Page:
It's only been comparatively recently (about 10,000 years ago) that we developed agriculture and started living in semi-permanent communities, more recently still that were thrown into cities, crammed up against people we barely know, and more recently still that we bounced out of cities and into suburbs.

So everything about how we live now is "unnatural," at least in terms of our biology. Of course, that doesn't mean it's bad — it's generally a bad idea to draw normative conclusions from evolutionary history — but it should remind us that socially constructed living patterns have shallower roots than we might think from our parochial perspective.

Point being, each of us living in our own separate nuclear-family castles, with our own little faux-estate lawns, getting in a car to go anywhere, never seeing friends unless we make an effort to schedule it — there's nothing fated or inevitable about it.

Why should it require explicit scheduling to see a friend who lives "within striking distance"? Why shouldn't proximity do some of the work? That answer, for many Americans, is that anywhere beyond a few blocks away might as well be miles; it all requires a car. We do not encounter one another in cars. We grind along together anonymously, often in misery.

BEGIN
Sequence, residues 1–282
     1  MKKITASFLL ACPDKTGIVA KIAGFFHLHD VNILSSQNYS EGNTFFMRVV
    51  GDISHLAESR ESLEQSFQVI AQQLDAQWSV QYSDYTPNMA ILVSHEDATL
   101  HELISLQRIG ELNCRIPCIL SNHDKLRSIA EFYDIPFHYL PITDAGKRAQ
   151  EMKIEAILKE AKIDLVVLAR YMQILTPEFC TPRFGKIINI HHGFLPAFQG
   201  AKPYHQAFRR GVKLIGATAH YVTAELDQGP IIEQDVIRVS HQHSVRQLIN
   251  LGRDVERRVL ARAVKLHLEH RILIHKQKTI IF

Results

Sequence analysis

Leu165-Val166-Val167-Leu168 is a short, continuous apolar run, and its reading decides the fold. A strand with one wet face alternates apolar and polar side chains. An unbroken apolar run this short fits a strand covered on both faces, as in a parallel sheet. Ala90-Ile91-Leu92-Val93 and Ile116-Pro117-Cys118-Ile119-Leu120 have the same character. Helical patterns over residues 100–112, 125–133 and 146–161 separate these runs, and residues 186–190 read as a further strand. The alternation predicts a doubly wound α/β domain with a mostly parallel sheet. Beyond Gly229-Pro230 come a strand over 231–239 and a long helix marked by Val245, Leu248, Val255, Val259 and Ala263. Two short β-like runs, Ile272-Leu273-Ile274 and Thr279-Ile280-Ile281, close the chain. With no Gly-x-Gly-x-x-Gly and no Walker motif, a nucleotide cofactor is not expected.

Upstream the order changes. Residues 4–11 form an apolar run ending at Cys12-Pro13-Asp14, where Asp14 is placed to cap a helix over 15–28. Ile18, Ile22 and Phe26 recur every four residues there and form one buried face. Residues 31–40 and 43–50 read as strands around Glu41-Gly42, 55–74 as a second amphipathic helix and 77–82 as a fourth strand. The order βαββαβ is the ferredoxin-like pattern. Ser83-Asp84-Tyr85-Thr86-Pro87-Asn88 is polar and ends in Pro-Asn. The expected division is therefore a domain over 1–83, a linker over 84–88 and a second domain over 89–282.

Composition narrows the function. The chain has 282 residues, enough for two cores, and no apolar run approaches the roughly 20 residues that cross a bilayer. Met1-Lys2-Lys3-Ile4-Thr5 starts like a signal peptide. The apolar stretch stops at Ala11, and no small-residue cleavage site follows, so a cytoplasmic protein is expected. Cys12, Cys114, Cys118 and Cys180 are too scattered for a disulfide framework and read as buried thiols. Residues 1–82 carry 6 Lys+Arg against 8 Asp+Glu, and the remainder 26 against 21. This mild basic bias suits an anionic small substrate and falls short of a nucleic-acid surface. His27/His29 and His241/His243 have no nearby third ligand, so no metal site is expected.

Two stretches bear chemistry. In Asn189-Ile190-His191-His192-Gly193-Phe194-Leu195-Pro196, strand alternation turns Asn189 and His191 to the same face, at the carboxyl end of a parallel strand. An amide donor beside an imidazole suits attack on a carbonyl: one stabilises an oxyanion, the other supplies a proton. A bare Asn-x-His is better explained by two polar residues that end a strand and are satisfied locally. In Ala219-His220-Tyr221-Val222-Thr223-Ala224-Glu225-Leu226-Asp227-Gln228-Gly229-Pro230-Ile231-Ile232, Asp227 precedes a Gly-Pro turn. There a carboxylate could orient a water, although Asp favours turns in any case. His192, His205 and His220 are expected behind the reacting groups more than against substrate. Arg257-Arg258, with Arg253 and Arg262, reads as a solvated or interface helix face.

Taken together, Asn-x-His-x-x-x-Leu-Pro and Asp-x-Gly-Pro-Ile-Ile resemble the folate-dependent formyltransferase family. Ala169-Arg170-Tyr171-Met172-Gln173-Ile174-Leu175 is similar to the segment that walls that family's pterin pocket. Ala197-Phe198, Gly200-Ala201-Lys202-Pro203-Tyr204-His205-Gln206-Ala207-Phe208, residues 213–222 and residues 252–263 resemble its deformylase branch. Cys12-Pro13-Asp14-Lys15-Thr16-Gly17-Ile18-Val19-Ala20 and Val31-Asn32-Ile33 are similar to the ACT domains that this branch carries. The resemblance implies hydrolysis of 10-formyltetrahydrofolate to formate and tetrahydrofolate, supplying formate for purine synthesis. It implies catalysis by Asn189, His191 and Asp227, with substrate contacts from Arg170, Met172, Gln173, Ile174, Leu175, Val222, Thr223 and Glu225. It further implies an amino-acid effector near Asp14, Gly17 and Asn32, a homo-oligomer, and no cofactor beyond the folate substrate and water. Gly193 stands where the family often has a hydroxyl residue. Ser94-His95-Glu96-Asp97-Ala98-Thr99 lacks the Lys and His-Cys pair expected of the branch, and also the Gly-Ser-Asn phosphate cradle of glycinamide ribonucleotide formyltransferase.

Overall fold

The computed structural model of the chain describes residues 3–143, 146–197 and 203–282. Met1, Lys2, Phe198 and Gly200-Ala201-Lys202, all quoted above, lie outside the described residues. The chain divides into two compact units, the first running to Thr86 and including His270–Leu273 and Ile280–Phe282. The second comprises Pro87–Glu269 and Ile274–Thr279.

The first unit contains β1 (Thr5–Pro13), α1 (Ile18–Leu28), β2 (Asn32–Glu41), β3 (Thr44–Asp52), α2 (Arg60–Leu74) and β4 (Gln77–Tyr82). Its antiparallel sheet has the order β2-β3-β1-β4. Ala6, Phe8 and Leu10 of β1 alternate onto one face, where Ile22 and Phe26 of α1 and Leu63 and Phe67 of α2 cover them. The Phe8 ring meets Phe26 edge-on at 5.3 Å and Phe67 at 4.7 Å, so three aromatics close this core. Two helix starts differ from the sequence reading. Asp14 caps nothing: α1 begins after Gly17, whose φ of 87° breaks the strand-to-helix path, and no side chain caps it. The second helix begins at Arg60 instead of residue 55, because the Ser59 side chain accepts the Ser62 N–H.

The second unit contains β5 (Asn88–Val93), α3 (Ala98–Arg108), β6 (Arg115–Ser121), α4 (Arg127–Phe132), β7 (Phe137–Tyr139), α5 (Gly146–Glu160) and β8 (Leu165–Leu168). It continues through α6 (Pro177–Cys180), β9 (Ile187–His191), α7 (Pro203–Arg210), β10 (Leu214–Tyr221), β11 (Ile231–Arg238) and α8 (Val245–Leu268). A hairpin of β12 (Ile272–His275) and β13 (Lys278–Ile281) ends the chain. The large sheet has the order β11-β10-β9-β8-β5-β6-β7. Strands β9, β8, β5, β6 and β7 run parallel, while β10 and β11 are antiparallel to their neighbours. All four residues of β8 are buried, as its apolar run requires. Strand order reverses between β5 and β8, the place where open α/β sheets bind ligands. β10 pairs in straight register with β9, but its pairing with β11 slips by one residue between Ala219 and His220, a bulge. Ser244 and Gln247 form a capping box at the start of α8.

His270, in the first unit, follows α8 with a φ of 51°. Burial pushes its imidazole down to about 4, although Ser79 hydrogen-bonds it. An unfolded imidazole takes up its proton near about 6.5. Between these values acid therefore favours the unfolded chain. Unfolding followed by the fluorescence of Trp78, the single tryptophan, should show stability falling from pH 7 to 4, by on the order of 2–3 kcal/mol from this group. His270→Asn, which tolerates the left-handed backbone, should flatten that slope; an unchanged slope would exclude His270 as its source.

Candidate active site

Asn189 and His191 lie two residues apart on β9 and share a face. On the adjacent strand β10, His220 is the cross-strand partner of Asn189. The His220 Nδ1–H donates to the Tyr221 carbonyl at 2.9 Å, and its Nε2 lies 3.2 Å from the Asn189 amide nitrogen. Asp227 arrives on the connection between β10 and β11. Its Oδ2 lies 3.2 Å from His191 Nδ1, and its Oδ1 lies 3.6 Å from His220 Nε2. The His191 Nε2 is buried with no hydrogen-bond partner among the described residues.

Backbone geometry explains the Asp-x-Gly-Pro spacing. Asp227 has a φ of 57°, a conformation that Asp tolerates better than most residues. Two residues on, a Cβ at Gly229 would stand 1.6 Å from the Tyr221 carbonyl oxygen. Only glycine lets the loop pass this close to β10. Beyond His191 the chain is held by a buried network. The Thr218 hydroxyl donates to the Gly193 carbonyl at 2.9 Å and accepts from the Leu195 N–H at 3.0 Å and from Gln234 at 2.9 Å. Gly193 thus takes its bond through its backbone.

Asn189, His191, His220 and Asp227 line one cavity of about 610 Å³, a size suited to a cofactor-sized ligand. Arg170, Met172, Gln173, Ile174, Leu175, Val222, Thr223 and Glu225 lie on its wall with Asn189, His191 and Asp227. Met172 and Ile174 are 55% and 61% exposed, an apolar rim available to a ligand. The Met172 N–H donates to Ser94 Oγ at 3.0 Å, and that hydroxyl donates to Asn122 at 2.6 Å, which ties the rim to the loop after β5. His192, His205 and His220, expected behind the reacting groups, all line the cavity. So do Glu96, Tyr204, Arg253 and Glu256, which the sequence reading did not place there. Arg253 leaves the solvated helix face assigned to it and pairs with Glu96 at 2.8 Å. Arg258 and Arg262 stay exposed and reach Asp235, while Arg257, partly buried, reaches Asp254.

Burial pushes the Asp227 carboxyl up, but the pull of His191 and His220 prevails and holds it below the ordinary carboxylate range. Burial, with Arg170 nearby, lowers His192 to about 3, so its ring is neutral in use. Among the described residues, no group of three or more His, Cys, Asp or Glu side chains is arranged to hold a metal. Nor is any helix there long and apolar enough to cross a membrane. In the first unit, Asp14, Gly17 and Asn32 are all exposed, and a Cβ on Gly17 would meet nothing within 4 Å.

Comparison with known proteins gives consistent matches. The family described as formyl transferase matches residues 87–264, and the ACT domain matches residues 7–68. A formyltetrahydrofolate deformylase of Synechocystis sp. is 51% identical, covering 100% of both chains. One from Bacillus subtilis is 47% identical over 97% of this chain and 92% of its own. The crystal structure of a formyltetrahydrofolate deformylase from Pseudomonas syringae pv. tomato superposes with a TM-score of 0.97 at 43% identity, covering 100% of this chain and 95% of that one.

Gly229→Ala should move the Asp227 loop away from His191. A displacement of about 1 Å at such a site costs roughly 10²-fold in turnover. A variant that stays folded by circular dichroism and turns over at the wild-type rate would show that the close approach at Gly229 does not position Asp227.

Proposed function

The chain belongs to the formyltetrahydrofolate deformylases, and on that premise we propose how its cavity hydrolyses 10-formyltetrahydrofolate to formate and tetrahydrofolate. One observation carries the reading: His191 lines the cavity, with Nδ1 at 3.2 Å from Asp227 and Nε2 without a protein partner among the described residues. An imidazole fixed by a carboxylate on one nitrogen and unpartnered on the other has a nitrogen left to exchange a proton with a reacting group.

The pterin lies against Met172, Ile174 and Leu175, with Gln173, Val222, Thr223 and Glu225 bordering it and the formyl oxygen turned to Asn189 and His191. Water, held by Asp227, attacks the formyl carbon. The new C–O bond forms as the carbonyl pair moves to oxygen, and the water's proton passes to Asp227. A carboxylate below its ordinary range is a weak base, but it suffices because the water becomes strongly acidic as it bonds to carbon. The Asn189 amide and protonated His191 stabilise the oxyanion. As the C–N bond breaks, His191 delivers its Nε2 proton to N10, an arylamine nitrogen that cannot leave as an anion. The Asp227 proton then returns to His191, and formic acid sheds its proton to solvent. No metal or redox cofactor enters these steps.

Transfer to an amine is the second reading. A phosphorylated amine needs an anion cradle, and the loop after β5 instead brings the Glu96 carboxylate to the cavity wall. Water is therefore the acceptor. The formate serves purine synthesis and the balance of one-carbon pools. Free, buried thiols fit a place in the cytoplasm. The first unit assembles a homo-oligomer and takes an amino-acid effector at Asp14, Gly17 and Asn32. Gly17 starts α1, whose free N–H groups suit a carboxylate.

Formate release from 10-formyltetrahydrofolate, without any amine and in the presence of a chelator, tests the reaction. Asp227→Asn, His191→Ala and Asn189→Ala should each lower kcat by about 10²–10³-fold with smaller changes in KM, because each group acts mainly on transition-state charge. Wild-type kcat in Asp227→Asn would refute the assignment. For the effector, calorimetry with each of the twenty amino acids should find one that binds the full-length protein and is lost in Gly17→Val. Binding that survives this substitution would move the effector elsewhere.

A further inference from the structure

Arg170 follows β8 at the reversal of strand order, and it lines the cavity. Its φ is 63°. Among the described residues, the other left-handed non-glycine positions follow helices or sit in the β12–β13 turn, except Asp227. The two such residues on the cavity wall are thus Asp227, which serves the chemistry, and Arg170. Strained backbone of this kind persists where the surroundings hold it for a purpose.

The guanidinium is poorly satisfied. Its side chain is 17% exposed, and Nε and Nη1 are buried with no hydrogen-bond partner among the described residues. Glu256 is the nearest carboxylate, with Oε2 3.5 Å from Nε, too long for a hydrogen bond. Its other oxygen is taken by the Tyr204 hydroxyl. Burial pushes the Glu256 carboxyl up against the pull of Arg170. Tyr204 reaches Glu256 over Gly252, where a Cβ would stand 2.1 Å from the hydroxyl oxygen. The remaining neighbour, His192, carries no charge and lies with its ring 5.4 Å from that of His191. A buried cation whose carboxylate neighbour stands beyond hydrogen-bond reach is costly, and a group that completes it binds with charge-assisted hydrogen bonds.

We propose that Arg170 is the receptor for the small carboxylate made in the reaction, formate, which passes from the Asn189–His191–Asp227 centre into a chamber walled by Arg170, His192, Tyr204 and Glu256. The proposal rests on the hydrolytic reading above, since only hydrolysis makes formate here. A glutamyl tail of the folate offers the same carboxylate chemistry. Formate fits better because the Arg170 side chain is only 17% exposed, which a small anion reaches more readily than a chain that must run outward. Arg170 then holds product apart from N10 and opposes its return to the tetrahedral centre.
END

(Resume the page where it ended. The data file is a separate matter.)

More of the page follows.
The loss of spontaneous encounters

Why do we form such strong friendships in college and form so few afterward?

I read a study many years ago that I have thought about many times since, though hours of effort have failed to track it down. The gist was this: The key ingredient for the formation of friendships is repeated spontaneous contact. That's why we make friends in college: because we are, by virtue of where we live and our daily activities, forced into regular contact with the same people. It is the natural soil out of which friendship grows.

This study isn't it, but it's similar, to wit:

The researchers believed that physical space was the key to friendship formation; that "friendships are likely to develop on the basis of brief and passive contacts made going to and from home or walking about the neighborhood." In their view, it wasn’t so much that people with similar attitudes became friends, but rather that people who passed each other during the day tended to become friends and later adopted similar attitudes.